Despite being brought on just before fellow spinner Giles, he sent down only three overs, in two "spells", and avoided most of the flak. The rest were not so lucky and even Flintoff could not avoid some tap as the second half of the home side's innings yielded 211 runs.

The final 10 overs cost 112.

Jaques, fourth out when he drove Collingwood to long-off, took top honours. But Shaun Marsh, son of former Test opener Geoff Marsh, pushed him close by plundering 78 from 56 balls before skipper White poured shovel-loads of salt into English wounds.

He flicked Anderson for two late sixes, then drove Mahmood into the crowd at long-off to end the innings in appropriate fashion.

England's chances of getting anywhere near a target of 348, even on a flat pitch, looked slim from the start of their reply - and just about non-existent once Trescothick snicked the final ball of Tait's first over into the slips.

Tait, you may recall, played in the last two Tests of the 2005 Ashes series. Then, he was quick but often wayward. Today, he was quick and gave next to nothing away while hitting 95mph.

The youngster from Adelaide is unlikely to be involved at the start of this series but it is an absolute certainty that his tactic of greeting Pietersen and Flintoff with bouncers as soon as they arrived in the middle will be copied in Brisbane.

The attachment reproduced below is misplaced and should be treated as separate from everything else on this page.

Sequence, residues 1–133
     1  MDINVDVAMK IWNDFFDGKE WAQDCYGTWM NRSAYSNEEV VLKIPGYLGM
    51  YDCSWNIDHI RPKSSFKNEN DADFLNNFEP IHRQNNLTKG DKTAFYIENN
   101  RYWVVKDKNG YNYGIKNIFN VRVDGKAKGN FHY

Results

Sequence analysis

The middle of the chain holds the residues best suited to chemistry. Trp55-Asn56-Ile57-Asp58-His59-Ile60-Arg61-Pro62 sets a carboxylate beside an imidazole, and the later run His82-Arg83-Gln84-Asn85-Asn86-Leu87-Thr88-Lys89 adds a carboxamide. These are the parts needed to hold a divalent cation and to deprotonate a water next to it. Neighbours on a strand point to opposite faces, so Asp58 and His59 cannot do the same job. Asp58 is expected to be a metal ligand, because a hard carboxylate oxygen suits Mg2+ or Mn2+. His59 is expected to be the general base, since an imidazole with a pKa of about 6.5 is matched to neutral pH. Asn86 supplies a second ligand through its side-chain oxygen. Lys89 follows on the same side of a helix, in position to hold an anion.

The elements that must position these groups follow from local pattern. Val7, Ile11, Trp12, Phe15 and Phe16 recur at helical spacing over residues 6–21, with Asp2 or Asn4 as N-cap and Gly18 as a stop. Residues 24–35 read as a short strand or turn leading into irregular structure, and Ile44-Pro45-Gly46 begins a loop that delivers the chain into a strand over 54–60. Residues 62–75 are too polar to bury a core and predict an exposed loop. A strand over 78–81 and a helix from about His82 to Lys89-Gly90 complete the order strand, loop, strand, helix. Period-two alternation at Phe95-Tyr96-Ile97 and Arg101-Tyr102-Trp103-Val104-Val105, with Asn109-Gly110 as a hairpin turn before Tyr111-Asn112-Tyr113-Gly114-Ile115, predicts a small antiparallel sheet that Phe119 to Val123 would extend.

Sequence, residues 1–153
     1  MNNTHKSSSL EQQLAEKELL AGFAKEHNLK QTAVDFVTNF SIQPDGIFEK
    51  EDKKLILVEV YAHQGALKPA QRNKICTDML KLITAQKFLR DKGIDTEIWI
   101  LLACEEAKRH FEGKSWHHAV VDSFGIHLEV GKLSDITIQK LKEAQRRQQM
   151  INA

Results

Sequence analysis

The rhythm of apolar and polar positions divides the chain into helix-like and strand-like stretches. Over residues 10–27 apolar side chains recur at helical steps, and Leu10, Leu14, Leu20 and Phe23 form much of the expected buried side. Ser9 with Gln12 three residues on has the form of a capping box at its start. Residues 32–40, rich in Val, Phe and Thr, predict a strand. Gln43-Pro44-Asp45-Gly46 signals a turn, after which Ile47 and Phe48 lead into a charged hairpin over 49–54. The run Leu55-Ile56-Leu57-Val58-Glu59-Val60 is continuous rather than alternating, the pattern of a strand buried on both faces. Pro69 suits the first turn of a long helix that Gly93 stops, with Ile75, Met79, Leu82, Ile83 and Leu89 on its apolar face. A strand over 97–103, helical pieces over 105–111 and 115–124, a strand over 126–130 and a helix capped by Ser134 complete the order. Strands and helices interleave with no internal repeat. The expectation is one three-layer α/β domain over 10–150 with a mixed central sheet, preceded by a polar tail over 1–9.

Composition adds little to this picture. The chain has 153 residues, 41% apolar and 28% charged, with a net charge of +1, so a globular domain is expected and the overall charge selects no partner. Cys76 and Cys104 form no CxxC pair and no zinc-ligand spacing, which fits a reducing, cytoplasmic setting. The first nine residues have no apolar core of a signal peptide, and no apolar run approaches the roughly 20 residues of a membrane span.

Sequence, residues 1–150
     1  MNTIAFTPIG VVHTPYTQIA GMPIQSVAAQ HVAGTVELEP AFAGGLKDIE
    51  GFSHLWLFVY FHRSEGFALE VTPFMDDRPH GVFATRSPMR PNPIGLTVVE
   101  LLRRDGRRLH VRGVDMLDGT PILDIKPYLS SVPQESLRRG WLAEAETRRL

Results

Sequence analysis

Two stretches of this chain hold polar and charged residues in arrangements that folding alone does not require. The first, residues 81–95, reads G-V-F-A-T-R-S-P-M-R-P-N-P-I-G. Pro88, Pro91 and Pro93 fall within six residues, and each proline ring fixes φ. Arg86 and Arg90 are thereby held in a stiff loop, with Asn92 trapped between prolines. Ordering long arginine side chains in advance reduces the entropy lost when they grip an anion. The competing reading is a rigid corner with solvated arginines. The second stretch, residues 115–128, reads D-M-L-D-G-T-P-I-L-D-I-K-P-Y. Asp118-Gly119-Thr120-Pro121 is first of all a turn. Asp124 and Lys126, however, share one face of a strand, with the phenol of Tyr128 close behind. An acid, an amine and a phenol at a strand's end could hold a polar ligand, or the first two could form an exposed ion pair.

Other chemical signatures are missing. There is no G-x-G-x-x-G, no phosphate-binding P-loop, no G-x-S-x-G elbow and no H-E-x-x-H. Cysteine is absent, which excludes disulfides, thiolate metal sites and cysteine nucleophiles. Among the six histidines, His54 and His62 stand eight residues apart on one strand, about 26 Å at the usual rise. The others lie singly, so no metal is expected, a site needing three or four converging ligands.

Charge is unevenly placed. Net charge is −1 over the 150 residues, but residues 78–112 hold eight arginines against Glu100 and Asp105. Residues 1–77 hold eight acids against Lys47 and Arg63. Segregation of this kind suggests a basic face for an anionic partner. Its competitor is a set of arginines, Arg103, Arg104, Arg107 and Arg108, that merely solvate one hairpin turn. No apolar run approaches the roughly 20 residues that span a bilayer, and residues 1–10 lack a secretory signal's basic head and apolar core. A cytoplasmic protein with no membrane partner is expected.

Here, his short ball only accounted for Strauss, who drove, clipped and pulled 12 boundaries in all before toe-ending a cross bat shot to mid-on.

But fellow paceman Ben Hilfenhaus successfully bounced both Cook and Pietersen, forcing top-edged catches to keeper Paine as England's middle order attacked without due care and attention.

Tait, who finished with figures of three for 21, pitched one up and then brought it back into Flintoff to shatter the wicket of England's captain - and the end was nigh.

It would have been something if the visitors could have at least seen out their full quota of 50 overs. But they fell more than 11 short of even that minor target and headed back to Sydney with plenty of food for thought.